• 23. Evaluation of Global Engineering Model- through value chain Global -Inception Cultural Challenges Positional authority Power Distance Uncertainty avoidance Individualism Project Team Development Recruitment/Retention Communication Education &Training Management Style International Operations Difference of work ethics Buy-in from Parent operations Access & Technology
  • 24. What do we need to be successful?
      • Leadership Team with “Driving” force to “Delight” Customers
      • Servant Leadership to remove “Fear of unknown” to Customers
      • Leadership Channeling their Ambition toward building Best in class
    • Leadership
    E ngage and Develop Others S ee the Future R einvent Continuously V alue Results and Relationships E mbody Values
  • 25.
    • People/Culture:
      • Highly motivated People with Relentless Execution towards Time, Cost & Quality
      • Disciplined Thoughts , Confront the Brutal Facts of their current reality.
    • Towering Technical/Process/Project management Capabilities
      • World Class Core Competencies in functional areas of engagement
      • World class processes to deliver Superior Quality
    • Capacity through Peak Needs
      • Business model to Support customer needs on Product development Initiatives
      • Resource availability between 2 to 6 weeks
    What do we need to be successful?
  • 26. Challenges Process Knowledge, Quality & Governance Change Management Loss of core competency, Intellectual Property, Access,Security and Connectivity
  • 27.
    • Change Management among Leadership Team
    Change Management
    • Change Management among CAT/Contract employees
  • 28. Many reasons for the failure of Change Management initiatives. Lack of leadership Too many projects happening at once Not managing pain Losing focus on why changing Reward not in line with new order No direction, nobody willing to make the final decision Not communicating Trying to tackle too much at once Not managing risks No Leadership support Assumptions about the objectives have not been tested Losing sight of the end game Source: Global survey of > 100 PA change management experts Insufficient time spent on the right priorities
  • 29. Employee response curve for change Time Response Sell the Bargaining benefits and Depression/ Acceptance Train develop the Provide resources Testing Sell Support the rewards the Denial Provide evidence Convert opinion Anger the formers
  • 30.
    • Increase urgency
      • Make change stick
    Tips on Change management
      • Don’t let up
      • Create short term wins
      • Empower action
      • Communicate for buy-in
      • Get the vision right
  • 31.
    • IP Risks
    • Potential leakage of IP through existing project team member
    • Potential leakage of IP through resource Attrition
    • Potential leakage of IP when resource roll out from Cat’s project team and joins competitors project team.
    • Loss of core competency
    Intellectual Property, Loss of core competency, Access,Security and Connectivity
  • 32. Product development critical roles (10% of PD Resources)
    • xxxxxxxs
    • xxxxxxx
    • xxxxxxx
    • xxxxx
    • xxxxxx
    Product development enabling roles (40% of PD Resources)
    • xxxxxxx
    • xxxxxxx
    • xxxxxxx
    • xxxxxxx
    Product development generic roles (50% of PD Resources)
    • xxxxxx
    • xxxxxxxx
    • xxxxxxx
    Categories of Product development (PD) Roles Maintain “As-Is” 94% Most critical tasks remain “As-Is” Portable to Off-Shore Portable PD Resources 6% 1% of PD Resources 40% Moderately critical tasks remain “As-Is” 60% 24% of PD Resources 10% Less enabler tasks remain “As-Is” 45% of PD Resources 90% + + = 70% PD Resources Hypothetical offshore model-example-Telecommunication industry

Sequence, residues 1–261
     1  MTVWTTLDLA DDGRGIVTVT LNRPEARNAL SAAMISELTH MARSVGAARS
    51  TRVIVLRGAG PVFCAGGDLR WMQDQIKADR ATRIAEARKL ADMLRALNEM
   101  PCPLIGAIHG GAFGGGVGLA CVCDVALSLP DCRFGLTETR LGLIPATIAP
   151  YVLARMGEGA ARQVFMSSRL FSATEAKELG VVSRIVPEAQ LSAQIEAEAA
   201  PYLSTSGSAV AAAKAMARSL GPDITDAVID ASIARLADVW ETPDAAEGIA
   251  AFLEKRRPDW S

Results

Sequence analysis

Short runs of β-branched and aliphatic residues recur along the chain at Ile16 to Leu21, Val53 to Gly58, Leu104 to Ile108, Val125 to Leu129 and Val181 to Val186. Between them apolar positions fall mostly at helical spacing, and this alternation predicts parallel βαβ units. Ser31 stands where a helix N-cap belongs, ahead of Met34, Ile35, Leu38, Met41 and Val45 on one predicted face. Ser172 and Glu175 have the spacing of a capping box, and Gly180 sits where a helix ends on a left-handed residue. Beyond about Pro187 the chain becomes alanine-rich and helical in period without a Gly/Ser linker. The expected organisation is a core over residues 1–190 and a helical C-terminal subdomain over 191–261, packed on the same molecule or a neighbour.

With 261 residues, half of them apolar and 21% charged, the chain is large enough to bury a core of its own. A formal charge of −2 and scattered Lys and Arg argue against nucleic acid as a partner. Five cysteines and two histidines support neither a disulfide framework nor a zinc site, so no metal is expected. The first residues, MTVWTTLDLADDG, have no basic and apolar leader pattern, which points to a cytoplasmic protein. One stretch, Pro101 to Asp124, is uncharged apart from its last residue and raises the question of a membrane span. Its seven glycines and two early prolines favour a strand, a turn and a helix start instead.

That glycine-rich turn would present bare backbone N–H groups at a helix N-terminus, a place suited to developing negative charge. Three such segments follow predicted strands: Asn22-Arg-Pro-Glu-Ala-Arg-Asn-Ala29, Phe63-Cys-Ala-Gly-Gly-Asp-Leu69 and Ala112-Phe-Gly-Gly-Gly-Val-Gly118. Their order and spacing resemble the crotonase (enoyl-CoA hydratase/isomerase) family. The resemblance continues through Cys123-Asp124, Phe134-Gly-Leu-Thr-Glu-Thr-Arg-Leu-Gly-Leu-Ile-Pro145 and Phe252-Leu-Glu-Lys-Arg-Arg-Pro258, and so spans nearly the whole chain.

• 33. Looking at the Future
  • 34.
    • Rule # 6
    • The best companies outsource
    Flattening of the world rules reviewed
      • To win, not to shrink.
      • They outsource to innovate faster and cost effectively
      • Gain market share
      • Hire more and different specialists
  • 35.
    • Every morning in Africa, a gazelle wakes up.
      • It knows that it must outrun the fastest lion or it will be killed…
    Execution
      • Every morning in Africa, a lion wakes up. It knows that it must out run the slowest gazelle or it will starve…
      • It does not matter whether you are a lion or gazelle. When the sun comes up you had better be running
  • 36. Current spending on engineering services world wide by the different industries ($750 billion in 2006) is projected to increase to $1.1 trillion by 2020.  The market is highly fragmented by industry, Engineering services is a growth market.
    • Automotive at 19%
    • Aerospace at 8%
    • Utilities at 3%
    • Heavy Engineering 40%
    • High-Tech/ Telecom is the dominant and fastest growing sector, with 30% of the market. 
  • 37. Businesses are increasingly viewing off shoring as a way to counter market forces that are exerting pressure on engineering services.  Key Future Trends
    • While cost control remains a concern
    • Companies are also seeking access to a high quality talent pool
    • For growing capacity
    • Increase productivity with Creativity and Process automation.
  • 38. Indian IT and software industry proved that they can perform and meet Global Needs Accomplishments
      • Companies in India have developed capabilities
      • Skill sets
      • Leadership
      • Culture
      • Invested in technology platforms to leverage this opportunity
  • 39.
    • India’s current revenue base in the offshored engineering services market is about $1.5B
    • India is well-positioned to increase its market share of engineering offshoring
    Business opportunity
      • By 15% to 30% by 2020.
      • The potential engineering market in India could exceed $60B by 2020.
  • 40.  
  • 41.